America is definitely feeling the impact from The Tax Cuts and Jobs Act (TCJA) . So far, data from the IRS has shown that the average tax refund is around 8% smaller this tax season and some taxpayers who are used to refunds are even getting bills! Working with the best CPA in Charlotte, NC can help keep that from happening! Even though the data is gloomy thus far, it’s not all because of the TCJA.
Are you thinking about writing off a new car purchase for your business? Have you done your homework? Does it meet the obscure Section 179 requirements to be fully deductible on your tax return? Maybe it only qualifies for a certain deduction percentage or is limited to how much can be deducted because of the type of vehicle.
the survival of your business depends on having a solid financial plan, which means streamlined record-keeping, consistent financial analysis and, perhaps most importantly, cash flow management. The problem I typically see in small businesses is lack of knowledge about the most efficient and effective way to handle the accounting side of things
Since starting my firm almost a year ago I have had the opportunity to meet and work with so many amazing small business owners. Helping people achieve their goals and live out their dreams is one of the best parts about what I do. To help me help others I have created a routine series of questions I ask new small business clients when interviewing them. Among my questionnaire I specifically ask what they like and dislike about their current accountant (if they have one) or what they hope to achieve by hiring an accountant to help them on a monthly basis. For the purposes of this article, I’m going to use the term accountant in reference to a bookkeeper, degreed accountant, tax preparer, or CPA. Although the term is used interchangeably among most people in business, it’s important to note that each title brings a different level of experience and caliber of service to the table. In my opinion, all accountants should be versed in everything from taxes to bookkeeping, and be able to provide general advice on these subjects or point people in the right direction. Unfortunately, that’s not always the case. Below are the top 6 things your accountant should be doing to help you to grow your small business.
#1 Connecting Throughout the Year
This is the top complaint I hear from new clients. “My accountant never calls me” or “I only hear from my accountant once per year”. For all my peers in the industry, this just simply won’t do anymore. Clients deserve and expect to hear from their accountant more than one time per year. If you have retained an individual or firm to work with you throughout the year, they should be reaching out to you regularly to check in and see how business is going and offering to help however they can. They should also encourage an “open door” policy where you can reach out with “quick questions” without fear of being billed for a 10 minute conversation or simple e-mail reply. Be mindful not to overstep your contractual terms with whoever you work with and expect to be billed for additional services that may fall outside of what you are paying for. If you are unsure if what you need will be additional then try reading through your contract or asking your accountant if what you need is already billed in your current service plan.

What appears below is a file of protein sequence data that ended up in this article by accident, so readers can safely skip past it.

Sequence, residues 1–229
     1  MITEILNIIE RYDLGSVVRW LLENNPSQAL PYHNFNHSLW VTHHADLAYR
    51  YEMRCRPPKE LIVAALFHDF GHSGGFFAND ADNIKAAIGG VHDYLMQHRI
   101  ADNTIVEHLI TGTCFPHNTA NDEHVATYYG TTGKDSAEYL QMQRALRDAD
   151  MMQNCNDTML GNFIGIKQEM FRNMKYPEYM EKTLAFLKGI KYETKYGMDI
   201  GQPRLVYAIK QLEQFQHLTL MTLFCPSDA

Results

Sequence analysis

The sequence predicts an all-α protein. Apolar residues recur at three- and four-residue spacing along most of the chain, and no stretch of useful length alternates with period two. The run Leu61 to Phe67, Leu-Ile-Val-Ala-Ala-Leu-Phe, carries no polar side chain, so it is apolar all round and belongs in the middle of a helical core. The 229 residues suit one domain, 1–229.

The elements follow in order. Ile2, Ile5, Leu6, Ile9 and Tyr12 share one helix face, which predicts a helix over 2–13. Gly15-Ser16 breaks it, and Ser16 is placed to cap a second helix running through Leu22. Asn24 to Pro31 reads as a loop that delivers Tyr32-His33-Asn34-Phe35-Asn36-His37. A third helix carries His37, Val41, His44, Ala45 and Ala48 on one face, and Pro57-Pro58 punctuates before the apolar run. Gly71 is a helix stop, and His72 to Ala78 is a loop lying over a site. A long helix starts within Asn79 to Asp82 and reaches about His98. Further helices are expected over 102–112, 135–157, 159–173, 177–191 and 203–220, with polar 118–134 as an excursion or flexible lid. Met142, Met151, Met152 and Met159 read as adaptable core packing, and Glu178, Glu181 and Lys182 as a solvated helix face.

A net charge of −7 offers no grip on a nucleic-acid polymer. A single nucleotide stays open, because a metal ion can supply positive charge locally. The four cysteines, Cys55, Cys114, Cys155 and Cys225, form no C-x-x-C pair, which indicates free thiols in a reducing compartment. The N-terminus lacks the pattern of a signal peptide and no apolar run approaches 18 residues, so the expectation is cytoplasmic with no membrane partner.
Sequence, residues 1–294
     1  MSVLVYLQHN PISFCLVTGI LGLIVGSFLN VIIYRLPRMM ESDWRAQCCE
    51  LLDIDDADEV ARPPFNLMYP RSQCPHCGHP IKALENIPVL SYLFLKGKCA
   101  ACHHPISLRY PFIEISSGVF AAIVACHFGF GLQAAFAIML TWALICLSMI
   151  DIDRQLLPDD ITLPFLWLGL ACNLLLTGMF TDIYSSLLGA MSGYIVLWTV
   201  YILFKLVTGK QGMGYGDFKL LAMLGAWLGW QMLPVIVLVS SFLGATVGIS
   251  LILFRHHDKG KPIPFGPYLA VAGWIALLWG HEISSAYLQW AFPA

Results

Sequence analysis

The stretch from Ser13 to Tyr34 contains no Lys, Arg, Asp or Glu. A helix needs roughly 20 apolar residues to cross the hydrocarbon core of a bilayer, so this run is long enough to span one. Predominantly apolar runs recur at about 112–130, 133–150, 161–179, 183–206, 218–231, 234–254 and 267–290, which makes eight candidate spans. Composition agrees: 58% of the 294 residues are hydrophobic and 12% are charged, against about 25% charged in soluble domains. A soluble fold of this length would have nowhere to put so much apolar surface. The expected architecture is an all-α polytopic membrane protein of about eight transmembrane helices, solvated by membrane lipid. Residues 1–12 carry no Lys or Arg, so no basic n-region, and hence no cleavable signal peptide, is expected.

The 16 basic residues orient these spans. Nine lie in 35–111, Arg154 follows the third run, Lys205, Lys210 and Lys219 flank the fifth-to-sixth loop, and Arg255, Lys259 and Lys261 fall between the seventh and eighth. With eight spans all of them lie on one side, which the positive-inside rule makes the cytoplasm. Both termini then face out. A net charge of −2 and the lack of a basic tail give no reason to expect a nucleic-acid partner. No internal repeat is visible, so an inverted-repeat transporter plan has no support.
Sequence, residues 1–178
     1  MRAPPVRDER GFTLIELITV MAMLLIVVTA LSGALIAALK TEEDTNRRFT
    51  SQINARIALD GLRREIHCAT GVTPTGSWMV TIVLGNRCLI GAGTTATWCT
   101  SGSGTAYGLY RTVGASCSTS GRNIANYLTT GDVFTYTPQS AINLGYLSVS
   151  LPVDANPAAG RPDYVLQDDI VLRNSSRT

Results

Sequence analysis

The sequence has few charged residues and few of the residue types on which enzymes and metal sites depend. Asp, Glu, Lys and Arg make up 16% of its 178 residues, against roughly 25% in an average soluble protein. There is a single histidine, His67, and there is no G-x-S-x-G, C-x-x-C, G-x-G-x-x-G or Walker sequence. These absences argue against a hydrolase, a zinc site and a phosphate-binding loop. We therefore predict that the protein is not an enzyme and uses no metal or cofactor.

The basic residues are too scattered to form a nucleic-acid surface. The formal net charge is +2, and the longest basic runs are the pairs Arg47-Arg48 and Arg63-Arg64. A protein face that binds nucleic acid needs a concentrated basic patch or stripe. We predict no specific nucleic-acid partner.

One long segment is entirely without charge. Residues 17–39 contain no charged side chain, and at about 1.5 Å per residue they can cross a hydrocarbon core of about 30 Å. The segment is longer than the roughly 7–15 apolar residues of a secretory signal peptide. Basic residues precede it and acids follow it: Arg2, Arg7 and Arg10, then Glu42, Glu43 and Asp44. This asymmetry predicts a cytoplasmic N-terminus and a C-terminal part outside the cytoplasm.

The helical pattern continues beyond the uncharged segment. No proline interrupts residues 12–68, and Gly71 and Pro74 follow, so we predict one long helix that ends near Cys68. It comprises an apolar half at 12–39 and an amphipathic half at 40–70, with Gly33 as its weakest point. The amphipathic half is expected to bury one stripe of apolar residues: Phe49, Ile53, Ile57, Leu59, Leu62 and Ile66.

#2 Asking Questions
It may seem silly but your accountant should be asking questions of you each time you interact. The questions should be probing for information so that your accountant may advise you to better operate your business. If all they are doing is putting your books together each month and collecting a fee then you need to seriously consider if you are working with the best person for the job. A strong partner will comment on results and ask clients their motivations behind decisions as well as challenge them to set goals to hold them accountable for results. Even having the ability to reach out to your accountant from time to time (see #1 above) is helpful to keep you on track and your accountant in the know for big decisions.
#3 Proper Accounting
Small business owners typically hire an accountant because they don’t trust themselves to keep up with their books or don’t want to do the books themselves anymore. Most business owners interview a few candidates and assume that because they have a degree or license they know exactly what they are doing. Based on some of the work I have seen from other “professionals”, I can personally attest that not everyone may know what they are doing. Despite hiring someone to do the books, business owners need to remain actively engaged in reviewing their financial information each month and asking for clarification when and where necessary. Some key indicators that business owners should review in their accounting software include:
- Excessive non-accrual adjusting entries – this can be an indicator of poor training or misunderstanding of accounting principles or accounting software platforms
- Unreconciled accounts – this can lead to incorrect information in the general ledger causing inaccurate accounting information and ultimately inaccurate tax reporting
- Negative general ledger account balances – this is usually indicative of an inaccurate account balance and can be caused by a poor understanding of accounting principles, and again, result in inaccurate tax and accounting reporting